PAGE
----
conclusion: “It would be dishonest to claim that these provisions are not
backed up by the Islamic sources because, as set out in this book, they are
backed up by a number of traditions and precedents. One could, however,
justifiably argue that these provisions are not compliant with Islamic ethics …
“(ABOU EL-FADL. 2003, p. 270)

If Islam is a universal Word, Abou El-Fadl argues, then its discourse on
issues of ethics and justice should be intelligible and reasonable beyond the
narrow limits of any specific legal culture within a particular cultural
environment. He does not defend the idea of introducing a general, universal
law, nor is he in favour of abolishing cultural specificity. But to serve Allâh
surely means to serve justice, and serving justice necessarily means to stand
up for the just, the moral and the humane.

4.4. The need for a drastic reform of Islamic law regarding the right
to free self-determination in religious matters while fully respecting
the rights of others

A. A. An-Na‛im, a scholar originally from Sudan but now living in the United
States, considers that he, particularly because he is a Muslim, is not able to
accept the law of apostasy as part of Islamic law. If the predominant
understanding of apostasy remains valid, a Muslim could be punished if he
expresses opinions in a given Islamic country in which those opinions are
considered to amount to the offence of apostasy. For example, from certain
Sunni perspectives, the opinions of many Shi’ites amount to apostasy, as
indeed do the opinions of many Sunni from certain Shi’ite perspectives. If the
sharia law of apostasy were to be applied today, it is indeed possible that
Shi’ite Muslims would be condemned to death in a country with a Sunni
majority and vice versa. That this is not exaggeration becomes clear from a
dispassionate review of history right up to very recent times.

But An-Na‛im goes further: as long as the public law of the sharia is seen as
the only form of law which is really valid in the Islamic sense for Islam, it is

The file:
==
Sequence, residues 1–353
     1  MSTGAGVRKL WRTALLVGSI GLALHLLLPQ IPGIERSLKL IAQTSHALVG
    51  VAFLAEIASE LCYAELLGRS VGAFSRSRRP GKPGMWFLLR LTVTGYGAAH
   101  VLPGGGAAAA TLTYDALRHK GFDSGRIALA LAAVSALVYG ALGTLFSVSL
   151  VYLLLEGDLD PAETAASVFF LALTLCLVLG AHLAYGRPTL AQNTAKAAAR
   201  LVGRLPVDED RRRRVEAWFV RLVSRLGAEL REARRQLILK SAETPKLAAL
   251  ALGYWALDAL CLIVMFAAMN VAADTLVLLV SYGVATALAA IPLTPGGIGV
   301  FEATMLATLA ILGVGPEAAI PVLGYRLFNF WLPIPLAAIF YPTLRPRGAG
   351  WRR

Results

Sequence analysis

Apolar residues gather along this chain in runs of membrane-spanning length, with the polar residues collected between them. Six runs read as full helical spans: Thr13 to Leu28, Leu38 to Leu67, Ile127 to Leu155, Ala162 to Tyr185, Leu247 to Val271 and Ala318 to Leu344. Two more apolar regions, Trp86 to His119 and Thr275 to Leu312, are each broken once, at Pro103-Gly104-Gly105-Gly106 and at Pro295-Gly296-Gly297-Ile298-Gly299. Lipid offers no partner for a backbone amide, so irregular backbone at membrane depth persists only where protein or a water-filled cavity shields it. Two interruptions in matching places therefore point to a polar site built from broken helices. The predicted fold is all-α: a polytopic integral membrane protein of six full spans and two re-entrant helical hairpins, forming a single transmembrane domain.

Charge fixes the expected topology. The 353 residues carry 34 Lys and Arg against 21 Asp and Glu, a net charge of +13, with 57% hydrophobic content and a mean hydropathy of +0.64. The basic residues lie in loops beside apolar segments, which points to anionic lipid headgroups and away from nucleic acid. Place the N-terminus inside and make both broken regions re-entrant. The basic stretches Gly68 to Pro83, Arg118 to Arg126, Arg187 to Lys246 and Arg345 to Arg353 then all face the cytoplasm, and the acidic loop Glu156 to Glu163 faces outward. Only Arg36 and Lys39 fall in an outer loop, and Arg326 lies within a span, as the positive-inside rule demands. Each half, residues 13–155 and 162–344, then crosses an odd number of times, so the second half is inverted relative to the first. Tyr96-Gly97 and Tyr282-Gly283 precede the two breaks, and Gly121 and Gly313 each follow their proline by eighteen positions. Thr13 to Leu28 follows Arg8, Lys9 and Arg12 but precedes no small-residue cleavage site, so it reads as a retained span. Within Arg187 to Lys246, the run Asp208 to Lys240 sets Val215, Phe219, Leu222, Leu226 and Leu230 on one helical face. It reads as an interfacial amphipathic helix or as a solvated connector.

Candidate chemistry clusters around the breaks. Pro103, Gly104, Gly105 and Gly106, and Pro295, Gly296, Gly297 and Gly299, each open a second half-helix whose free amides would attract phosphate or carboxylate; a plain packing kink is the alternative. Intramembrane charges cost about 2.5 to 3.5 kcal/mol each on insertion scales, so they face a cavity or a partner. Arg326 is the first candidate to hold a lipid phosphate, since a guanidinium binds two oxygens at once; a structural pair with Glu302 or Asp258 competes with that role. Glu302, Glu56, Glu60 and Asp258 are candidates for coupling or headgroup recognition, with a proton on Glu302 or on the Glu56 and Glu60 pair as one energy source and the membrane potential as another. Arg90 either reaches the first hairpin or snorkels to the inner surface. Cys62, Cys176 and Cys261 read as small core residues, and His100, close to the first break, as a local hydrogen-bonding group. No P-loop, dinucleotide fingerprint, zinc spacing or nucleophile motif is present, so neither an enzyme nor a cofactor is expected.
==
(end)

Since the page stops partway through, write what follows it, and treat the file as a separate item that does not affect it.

virtually impossible for the majority of Muslims to contest any of the
principles or resist execution of that law, however repulsive and
inappropriate they might consider it to be. The sharia was “constructed” by
Muslim legal scholars in the first three centuries, i.e. although the sharia is
derived from the fundamental, divine sources of Islam, Qur’an and Sunna, in
itself it is not divine for it is the product of human interpretation of those
sources. Moreover, this process of constructing the sharia via human
interpretation took place within a specific historical context which was
drastically different from the context which prevails today. It should
therefore be possible for contemporary Muslims living in today’s historical
context to embark on a comparable process of interpreting the Qur’an and
the Sunna and thereby develop an alternative public law for Islam which is
appropriate for application in our times.
“It is my conviction as a Muslim”, An-Na‛im writes, “that the public law of the
sharia does not represent the law of Islam which contemporary Muslims are
mandated to implement in fulfilment of their religious duty.” (AN-NA‛IM.
1996, p. 187) He proposes a reform of the methodology which reflects the
“evolutionary principle” and other fundamental ideas of his mentor,
Mahmoud Mohamed Taha. But, An-Na‛im cautions, “irrespective of whether
this particular methodology is accepted or rejected by contemporary
Muslims, there can be no doubt that a drastic reform of the public law of the
sharia is necessary.” (Op. cit., p. 186)

5. The fundamental challenge: a hermeneutic reading of the Qur’an